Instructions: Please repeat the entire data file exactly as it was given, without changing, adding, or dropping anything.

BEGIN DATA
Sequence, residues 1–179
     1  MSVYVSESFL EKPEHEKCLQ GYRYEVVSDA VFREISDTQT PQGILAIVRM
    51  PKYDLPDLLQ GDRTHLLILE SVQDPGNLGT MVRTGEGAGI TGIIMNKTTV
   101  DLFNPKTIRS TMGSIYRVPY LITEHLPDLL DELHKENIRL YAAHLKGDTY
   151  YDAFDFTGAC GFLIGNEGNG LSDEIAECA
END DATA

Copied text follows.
Sequence, residues 1–179
     1  MSVYVSESFL EKPEHEKCLQ GYRYEVVSDA VFREISDTQT PQGILAIVRM
    51  PKYDLPDLLQ GDRTHLLILE SVQDPGNLGT MVRTGEGAGI TGIIMNKTTV
   101  DLFNPKTIRS TMGSIYRVPY LITEHLPDLL DELHKENIRL YAAHLKGDTY
   151  YDAFDFTGAC GFLIGNEGNG LSDEIAECA